Garissa University terror attack: Court cuts jail term for 2 convicts

The High Court in Nairobi has reduced the jail term for two men convicted for the 2015 Garissa University terror attack from 41 years to 25 and a half.

Justice Cecilia Githua further quashed and set aside a magistrate’s decision to sentence Hassan Eddin Hassan and Mohammed Abdi Abikar to 15-and a half years in jail for the offence of being members of terror group al-shabaab.

The judge said the prosecution did not present proof that the two were members of the terror group.

“I find that it was not disputed that this group exists and is a terrorist organisation. Although the same is listed as a terrorist group in 2010 and 2015 Kenya Gazette notices, my perusal of the only evidence adduced by the prosecution on these two counts was a claim by Pw7 (a witness), that during the attack, one of the terrorists declared that they were members of al-shabaab and the objective was to compel the government to remove its defence forces from Somalia,” said Justice Githua.

“Pw7 did not say the terrorist who made this declaration was the first or second appellant (Hassan Eddin Hassan or Mohammed Abdi Abikar). In any event, the two appellants were not physically present at the school during the attack,” stated the judge.

She added that the pair was wrongly convicted in the accusation of being members of the Somalia-based terror group, who planned and executed the bloody attack on Garissa University.

The two were jailed in July 2019 for assisting al-shabaab fighters who attacked the university and killed 148 students and staff on April 2, 2015.

Evidence showed the convicts were in telephone communication with terrorists killed by Kenya security forces during the attack, the court said.

Quashing their sentencing for being members of the terror group, the judge found that the prosecution did not adduce any evidence to show or prove how the appellants were members of al-shabaab.

“There was no confession by any of them to being a member of the group or [to being] found with documents or articles for the group. The prosecution did not make efforts to establish any nexus between the appellants and the al-shabaab,” the judge said.

“The appellants denied the offence and it was the duty of the prosecution to prove the charges, as preferred, beyond any reasonable doubt. Appellants did not have an obligation to prove their innocence.”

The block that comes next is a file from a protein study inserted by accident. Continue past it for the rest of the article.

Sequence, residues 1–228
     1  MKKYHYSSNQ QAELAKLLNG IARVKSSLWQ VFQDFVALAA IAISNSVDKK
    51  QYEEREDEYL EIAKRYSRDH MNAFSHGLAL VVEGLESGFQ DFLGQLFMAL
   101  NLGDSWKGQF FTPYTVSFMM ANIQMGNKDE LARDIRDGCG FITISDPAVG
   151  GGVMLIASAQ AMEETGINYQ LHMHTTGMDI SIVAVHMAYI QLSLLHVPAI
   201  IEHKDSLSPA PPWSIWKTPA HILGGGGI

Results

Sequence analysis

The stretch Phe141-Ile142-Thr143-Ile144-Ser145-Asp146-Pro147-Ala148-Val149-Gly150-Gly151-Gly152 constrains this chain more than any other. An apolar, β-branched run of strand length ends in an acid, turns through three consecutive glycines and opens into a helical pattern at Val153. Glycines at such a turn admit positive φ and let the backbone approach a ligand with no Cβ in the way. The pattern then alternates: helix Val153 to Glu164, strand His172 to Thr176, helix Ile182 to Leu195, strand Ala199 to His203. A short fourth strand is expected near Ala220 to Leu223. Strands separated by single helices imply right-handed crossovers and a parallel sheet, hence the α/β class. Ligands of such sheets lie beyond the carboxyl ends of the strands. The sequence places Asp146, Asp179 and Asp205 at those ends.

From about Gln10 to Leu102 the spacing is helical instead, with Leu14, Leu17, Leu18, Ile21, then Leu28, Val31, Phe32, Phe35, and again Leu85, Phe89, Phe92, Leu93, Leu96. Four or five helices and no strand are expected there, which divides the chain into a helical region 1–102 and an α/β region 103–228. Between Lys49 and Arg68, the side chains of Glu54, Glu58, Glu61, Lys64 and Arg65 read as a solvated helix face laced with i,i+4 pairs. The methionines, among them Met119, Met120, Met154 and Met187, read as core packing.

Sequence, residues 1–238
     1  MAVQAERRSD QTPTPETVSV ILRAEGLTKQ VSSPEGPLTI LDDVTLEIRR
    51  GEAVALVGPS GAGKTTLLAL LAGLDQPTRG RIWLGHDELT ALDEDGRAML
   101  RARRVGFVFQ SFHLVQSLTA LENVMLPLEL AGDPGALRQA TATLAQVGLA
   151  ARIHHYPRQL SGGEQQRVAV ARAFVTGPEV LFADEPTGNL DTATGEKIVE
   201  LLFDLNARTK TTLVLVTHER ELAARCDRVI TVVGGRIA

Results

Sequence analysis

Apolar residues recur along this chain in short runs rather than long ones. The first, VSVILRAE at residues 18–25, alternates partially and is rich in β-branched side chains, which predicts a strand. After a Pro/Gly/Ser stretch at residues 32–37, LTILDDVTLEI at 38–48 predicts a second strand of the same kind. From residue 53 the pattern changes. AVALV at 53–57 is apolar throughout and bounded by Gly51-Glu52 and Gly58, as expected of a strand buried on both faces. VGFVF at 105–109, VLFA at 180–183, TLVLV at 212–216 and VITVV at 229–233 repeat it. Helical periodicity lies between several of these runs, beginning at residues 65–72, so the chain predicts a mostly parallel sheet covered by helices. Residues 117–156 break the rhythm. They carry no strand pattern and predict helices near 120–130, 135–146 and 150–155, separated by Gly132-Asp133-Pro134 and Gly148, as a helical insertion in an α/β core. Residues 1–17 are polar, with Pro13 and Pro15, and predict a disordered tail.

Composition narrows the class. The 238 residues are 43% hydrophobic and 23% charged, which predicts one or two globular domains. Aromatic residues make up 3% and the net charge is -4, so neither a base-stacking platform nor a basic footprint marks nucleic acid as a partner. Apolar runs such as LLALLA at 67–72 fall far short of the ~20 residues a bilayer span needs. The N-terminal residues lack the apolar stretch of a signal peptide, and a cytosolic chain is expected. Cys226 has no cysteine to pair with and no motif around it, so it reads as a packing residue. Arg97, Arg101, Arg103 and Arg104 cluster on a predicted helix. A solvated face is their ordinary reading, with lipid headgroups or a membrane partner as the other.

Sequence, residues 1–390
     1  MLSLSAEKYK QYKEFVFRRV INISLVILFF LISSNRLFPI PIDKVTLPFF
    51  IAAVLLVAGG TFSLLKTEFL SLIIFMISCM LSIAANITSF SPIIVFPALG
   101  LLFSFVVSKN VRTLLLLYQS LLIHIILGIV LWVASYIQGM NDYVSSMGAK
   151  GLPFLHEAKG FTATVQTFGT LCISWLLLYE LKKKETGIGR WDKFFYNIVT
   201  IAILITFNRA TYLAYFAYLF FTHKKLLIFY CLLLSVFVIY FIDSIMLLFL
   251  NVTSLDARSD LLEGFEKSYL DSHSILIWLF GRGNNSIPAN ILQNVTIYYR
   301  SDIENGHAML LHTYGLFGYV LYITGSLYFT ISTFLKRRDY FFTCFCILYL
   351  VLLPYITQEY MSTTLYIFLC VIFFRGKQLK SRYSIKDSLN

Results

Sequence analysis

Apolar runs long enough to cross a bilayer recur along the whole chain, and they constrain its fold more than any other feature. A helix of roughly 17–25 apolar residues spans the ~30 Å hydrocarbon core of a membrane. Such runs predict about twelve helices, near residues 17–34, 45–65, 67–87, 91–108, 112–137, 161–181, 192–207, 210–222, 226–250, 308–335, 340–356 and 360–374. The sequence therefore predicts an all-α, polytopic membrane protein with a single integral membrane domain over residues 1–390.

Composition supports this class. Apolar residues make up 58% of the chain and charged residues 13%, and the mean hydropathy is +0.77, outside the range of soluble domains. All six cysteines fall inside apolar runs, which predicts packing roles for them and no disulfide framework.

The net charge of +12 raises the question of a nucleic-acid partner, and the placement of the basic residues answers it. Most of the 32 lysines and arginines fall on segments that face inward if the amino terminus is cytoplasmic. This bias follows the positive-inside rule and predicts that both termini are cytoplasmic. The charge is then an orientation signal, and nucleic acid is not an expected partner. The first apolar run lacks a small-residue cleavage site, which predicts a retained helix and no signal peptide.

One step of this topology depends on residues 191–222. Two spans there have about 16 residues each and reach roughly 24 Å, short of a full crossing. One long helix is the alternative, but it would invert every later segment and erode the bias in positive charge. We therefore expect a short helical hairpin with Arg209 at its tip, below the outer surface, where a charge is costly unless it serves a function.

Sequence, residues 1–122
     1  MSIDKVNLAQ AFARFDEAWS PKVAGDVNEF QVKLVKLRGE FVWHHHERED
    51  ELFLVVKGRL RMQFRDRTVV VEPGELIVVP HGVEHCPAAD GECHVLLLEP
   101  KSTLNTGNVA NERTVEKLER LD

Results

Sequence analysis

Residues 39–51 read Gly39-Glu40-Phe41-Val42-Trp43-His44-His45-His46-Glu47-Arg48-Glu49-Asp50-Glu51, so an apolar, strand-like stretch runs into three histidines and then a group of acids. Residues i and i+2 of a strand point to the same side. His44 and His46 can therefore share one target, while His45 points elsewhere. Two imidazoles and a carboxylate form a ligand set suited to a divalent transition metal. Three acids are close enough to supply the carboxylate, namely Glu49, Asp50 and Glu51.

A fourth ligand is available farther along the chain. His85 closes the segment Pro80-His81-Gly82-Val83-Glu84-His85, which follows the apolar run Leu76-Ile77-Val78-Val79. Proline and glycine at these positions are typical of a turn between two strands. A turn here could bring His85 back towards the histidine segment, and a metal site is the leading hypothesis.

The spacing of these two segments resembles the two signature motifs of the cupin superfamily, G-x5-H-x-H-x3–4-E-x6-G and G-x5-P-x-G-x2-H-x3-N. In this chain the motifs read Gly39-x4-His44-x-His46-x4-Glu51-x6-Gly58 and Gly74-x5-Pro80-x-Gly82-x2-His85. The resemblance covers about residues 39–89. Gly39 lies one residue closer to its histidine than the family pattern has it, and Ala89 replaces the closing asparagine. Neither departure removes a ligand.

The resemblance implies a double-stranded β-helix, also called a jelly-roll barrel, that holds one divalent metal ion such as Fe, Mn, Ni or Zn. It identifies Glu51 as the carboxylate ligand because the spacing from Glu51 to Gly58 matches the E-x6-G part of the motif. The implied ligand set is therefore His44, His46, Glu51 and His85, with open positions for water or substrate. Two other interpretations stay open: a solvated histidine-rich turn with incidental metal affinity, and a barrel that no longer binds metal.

The convicts were following the court proceedings by video-conference from Kamiti Maximum Security Prison.

Although from the evidence was a strong suspicion that the two convicts were al-shabaab members, the judge ruled that suspicion, however strong, cannot be proof.

In her judgement, Justice Githua dismissed the convicts’ appeals against conviction and sentencing for the offences of conspiracy to commit a terrorist act and committing a terrorist act.

For the two offencesm they were sentenced to 10 and half years, and 25 and half years in prison, respectively. The sentences will run concurrently.

Justice Githua further rejected the convicts’ claim in the appeal that the two sentences were harsh and excessive.

“The magistrate considered all submissions, the nature of the offence, circumstances underwhich it was committed and pleas in mitigation made by appellants, including the fact that they were youthful first offenders,” said the judge.

“I find they were convicted of monstrous terrorism offences which led to the loss of the lives of many innocent Kenyans, including vulnerable and defenceless students who had nothing to do with making the government remove the Kenya Defence Forces from Somalia,” said Justice Githua.

According to the judge, the convicts’ actions and those of their colleagues “were cowardly premeditated acts that caused trauma to victims and their families and will continue to traumatise them for the rest of their lives”.

“It must also be remembered that terrorism is a grave and heinous transnational crime that not only has devastating results to victims but also poses a serious threat to both national and global security,” said justice Githua.

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